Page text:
The Peasants' Revolt was a rebellion of peasants in England, in 1381. It was the biggest rebellion of farmers in medieval England. The causes of the rebellion are unclear today, but there are different candidates:
- There was a large epidemic of the Black Death, which lasted from 1347 to 1353. This reduced the number of workers and caused economic problems.
- In order to be able to finance Hundred Years' War, the English crown raised taxes, several times in short intervals.
- The central government in London was weak at the time
Richard II meets the rebels on 13 June 1381 in a miniature from a 1470's copy of Jean Froissart's Chronicles.
|Rebel forces||Royal government|
|Commanders and leaders|
Henry le Despenser
|Casualties and losses|
|At least 1,500||Unknown|
Other names for the rebellion are Wat Tyler's Rebellion, after Wat Tyler who was a local leader of the peasants in the rebellion. Yet another name is Great Rising.
Life of peasantsEdit
There were two types of peasants; serfs, and free peasants. The serfs, especially, had many difficulties in feudalism. These peasants had barely enough food to live on, or anything else. The free peasants had less than all of the other social classes, except for the serfs. The free peasants had to pay rent to live "free", and also had to pay for most things (such as getting married, or collecting water). Even though they were "free" they still were controlled by the higher classes. The serfs got to live on the farms with the knights. The knights were there to protect them. The majority of peasants lived in houses which also housed the animals of the village.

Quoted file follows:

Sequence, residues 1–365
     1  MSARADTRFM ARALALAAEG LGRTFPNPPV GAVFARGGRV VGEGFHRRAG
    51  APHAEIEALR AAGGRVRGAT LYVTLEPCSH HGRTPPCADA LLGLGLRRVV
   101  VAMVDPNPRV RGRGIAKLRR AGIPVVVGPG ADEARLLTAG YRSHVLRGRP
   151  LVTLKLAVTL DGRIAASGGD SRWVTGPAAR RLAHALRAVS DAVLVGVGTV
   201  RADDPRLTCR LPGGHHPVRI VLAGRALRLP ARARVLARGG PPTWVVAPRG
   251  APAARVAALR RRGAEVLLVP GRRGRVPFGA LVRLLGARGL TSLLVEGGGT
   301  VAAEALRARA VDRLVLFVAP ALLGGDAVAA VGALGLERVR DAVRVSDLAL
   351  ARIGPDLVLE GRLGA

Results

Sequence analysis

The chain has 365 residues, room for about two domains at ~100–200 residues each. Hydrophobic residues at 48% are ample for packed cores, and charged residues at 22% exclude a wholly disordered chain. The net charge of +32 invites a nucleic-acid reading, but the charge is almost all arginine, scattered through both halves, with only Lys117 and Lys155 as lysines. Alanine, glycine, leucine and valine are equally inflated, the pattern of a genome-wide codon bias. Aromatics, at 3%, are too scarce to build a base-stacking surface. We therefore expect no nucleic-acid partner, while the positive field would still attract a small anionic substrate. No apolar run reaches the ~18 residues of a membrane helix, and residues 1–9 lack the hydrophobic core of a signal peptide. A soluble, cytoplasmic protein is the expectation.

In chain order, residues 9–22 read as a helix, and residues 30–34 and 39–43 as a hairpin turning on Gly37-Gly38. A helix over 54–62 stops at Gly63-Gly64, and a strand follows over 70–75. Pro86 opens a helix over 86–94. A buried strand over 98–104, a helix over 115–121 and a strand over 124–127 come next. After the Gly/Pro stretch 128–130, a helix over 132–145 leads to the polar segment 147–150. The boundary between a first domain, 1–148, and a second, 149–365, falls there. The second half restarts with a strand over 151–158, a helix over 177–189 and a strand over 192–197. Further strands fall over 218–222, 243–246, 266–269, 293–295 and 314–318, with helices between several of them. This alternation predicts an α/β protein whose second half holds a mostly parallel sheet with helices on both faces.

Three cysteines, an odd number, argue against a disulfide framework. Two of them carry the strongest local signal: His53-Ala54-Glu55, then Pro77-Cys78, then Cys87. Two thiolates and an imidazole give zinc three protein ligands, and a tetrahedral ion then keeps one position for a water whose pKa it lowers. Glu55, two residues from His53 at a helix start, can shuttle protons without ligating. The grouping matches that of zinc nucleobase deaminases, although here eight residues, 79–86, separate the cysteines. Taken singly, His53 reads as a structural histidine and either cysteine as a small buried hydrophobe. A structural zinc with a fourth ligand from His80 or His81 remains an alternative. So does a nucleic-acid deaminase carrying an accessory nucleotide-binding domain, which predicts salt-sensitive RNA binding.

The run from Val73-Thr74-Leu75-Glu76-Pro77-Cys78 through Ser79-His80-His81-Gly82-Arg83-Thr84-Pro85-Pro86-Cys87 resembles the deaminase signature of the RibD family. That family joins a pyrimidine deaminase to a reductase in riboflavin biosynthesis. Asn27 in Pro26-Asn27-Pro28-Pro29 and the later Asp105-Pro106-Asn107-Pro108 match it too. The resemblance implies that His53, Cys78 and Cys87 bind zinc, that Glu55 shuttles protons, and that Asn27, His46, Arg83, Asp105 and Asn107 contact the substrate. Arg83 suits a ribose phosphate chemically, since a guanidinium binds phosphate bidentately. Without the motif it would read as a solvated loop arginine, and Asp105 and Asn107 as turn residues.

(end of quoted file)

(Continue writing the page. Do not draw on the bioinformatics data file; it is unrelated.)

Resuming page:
- May 30th: The peasants of Essex chase Thomas Bampton out of Fobbing.
- June 1st: The revolt spreads through Essex, Hertfordshire, and Suffolk.
- June 7th: Maidstone and Rochester castles surrender to the revolt.
- June 10th: A new leader, Wat Tyler, appears. The rebels of Kent and Essex march on London to explain their grievances, but Wat Tyler has a different plan to assault London. King Richard II of England is completely surprised, and only has a few hundred troops in London.
- June 13th: The peasants kill many lawyers under the command of Wat Tyler. Most of London is not destroyed. King Richard agrees to meet the rebels at Mile End.
- June 14th: Richard meets with Tyler, and Tyler gives him the demands of the peasants. The king accepts all the demands. Meanwhile, a group of the peasants go to the Tower of London and behead some of their worst enemies. These include Simon Sudbury, Robert Hailes, and John Legge.
- June 15th: Wat Tyler wants to meet with the king again to make more demands. When they meet, Tyler is killed in unclear circumstances. King Richard orders his troops to destroy the rebels, and they kill over a thousand.
50 years later most of Wat Tyler's demands were put into place by the king.